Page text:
“This movement isn’t “conservative”—it’s Adventist; it’s centered on the Bible; it’s right in the center of God’s will for His remnant church…We want a strong working relationship with the youth ministries of the Adventist Church…We were officially part of the delegation to the Atlanta General Conference session; we’ve been invited to serve on key committees, such as the new Revival and Reformation initiative. We’re meeting and interacting with top church leaders in youth ministries and other departments.”

I’m a survivor of the Missionary Volunteer and Youth Congress movement of the 50’s and 60’s. We too were assured by evangelists and charismatic youth leaders that they were preaching THE TRUTH, that we were living in END TIMES and that our generation was THE ONE THAT WOULD FINISH THE WORK and usher in the return of Christ. Only three of the graduating class of my Adventist high school and less than a dozen of my college companions at Pacific Union College are Adventists. And by no stretch of the imagination would any of us be comfortable at a GYC convention.

Why did the Adventist youth movement of my day fail? Because, over time, irrational doctrines breed cynicism. Because along the way, we met and even married wonderful people who weren’t Adventists. Because we read the Bible rather than the Adult Quarterly. Because calling ourselves “the elect” fostered a kind of egotism that we were ashamed of. Because of the realization that we are going to die rather than “be caught up in the air”. Because of bureaucratic pettiness. Because of the Church’s official misogyny and homophobia. Because we had children and grandchildren whom we loved more than we loved Adventism. Because we could be followers of Christ without being afraid.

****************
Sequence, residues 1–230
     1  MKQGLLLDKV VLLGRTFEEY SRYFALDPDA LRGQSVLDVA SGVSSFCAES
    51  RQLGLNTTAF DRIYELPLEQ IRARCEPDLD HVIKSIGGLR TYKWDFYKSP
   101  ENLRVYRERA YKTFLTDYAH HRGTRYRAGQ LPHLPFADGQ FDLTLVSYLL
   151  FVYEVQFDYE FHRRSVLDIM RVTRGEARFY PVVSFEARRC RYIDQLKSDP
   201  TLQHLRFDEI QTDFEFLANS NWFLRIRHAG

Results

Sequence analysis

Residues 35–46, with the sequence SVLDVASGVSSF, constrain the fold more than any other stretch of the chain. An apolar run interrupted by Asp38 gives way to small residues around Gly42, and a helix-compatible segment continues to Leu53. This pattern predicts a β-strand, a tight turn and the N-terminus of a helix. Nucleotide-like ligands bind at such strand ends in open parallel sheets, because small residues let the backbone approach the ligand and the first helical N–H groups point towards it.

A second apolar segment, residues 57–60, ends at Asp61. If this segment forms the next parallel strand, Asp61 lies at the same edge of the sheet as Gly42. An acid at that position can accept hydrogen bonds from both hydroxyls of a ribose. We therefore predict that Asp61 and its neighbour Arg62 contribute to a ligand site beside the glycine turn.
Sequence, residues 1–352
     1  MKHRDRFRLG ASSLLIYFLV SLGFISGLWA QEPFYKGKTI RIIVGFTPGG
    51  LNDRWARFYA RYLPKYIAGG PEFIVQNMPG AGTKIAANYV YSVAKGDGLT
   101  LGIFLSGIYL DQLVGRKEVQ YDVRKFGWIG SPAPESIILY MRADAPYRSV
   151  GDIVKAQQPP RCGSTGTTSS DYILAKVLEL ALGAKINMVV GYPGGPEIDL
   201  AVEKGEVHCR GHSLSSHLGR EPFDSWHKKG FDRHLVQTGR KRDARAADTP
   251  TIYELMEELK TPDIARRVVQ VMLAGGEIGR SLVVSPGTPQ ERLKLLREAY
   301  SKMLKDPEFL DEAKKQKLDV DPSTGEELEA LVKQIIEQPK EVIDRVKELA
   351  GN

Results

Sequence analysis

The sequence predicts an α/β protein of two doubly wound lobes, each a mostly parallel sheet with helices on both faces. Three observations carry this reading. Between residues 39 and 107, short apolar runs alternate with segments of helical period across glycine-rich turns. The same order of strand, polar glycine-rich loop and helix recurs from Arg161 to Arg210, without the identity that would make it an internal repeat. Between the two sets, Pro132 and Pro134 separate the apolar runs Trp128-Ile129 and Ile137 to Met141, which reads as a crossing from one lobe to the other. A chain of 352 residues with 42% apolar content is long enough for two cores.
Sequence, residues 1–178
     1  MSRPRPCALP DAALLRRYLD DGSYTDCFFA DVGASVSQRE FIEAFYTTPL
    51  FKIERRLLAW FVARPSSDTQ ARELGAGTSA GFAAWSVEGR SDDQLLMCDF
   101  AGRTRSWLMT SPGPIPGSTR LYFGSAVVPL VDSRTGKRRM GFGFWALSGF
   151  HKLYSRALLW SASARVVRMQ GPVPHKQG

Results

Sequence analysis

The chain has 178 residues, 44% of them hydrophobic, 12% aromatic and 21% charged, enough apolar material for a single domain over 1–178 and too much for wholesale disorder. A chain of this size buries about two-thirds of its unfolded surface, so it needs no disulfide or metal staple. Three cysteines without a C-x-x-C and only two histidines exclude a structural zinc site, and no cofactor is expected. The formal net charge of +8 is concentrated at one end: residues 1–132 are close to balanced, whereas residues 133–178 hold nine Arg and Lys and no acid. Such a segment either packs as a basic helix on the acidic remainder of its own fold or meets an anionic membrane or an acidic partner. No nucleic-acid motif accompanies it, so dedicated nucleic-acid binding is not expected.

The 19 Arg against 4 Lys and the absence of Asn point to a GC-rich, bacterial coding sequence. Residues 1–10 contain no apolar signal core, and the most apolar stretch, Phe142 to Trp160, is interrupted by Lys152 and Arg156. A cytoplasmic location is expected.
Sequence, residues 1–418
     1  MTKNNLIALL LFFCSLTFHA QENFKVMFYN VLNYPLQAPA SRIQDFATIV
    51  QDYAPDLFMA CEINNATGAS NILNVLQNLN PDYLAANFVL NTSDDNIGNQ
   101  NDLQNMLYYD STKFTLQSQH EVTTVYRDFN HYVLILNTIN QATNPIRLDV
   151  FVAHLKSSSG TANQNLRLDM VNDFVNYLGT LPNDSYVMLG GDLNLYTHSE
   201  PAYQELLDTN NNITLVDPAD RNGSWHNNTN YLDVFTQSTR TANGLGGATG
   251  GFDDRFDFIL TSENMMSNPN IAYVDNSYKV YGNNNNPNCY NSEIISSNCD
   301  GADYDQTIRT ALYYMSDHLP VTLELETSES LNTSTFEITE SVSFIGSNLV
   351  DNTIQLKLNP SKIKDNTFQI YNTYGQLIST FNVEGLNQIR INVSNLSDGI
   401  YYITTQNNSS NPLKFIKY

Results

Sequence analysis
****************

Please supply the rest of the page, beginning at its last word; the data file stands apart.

What I am saying is that emotional, anti-intellectual, conservative “movements” like GYC don’t accomplish much in the long run in spite of all the hoopla. They are ineffective in achieving their own long-term goals and can be spiritually harmful to the young innocents who blame themselves for delaying the Second Advent.

1 comment:

Andy Hanson said...

The following is a comment from a friend.

Your comments on the GYC phenomena and Justin McNeilus resonated in my head.If I were a sociologist I'd spend some time doing a study on this group and on those who support it--like the McNeilus family.

When rumors about GYC first began to circulate a few years ago I contacted the Adventist Today editor and Irv Taylor to suggest that AT should assign a reporter to cover this group, dig around a bit, and do a story. They agreed this should be done,but did nothing.

To me GYC is one of the more interesting and bazaar groups to arise within the SDA world for some years. My understanding is that two Korean guys first started the ball rolling on the movement and the Koreans dominated. Obviously this is not the case now--if indeed it ever was. I don't know. What does appear to be the case is that this bunch is the darling of some GC people--an audience for the right wing voices--Doug Batchelor, Pipin, and others of the same ilk. I've talked to a couple of those who attend the gatherings and they eat up what the talking heads dish out. And we wonder why we feel less and less that our church home is less and less pertinent?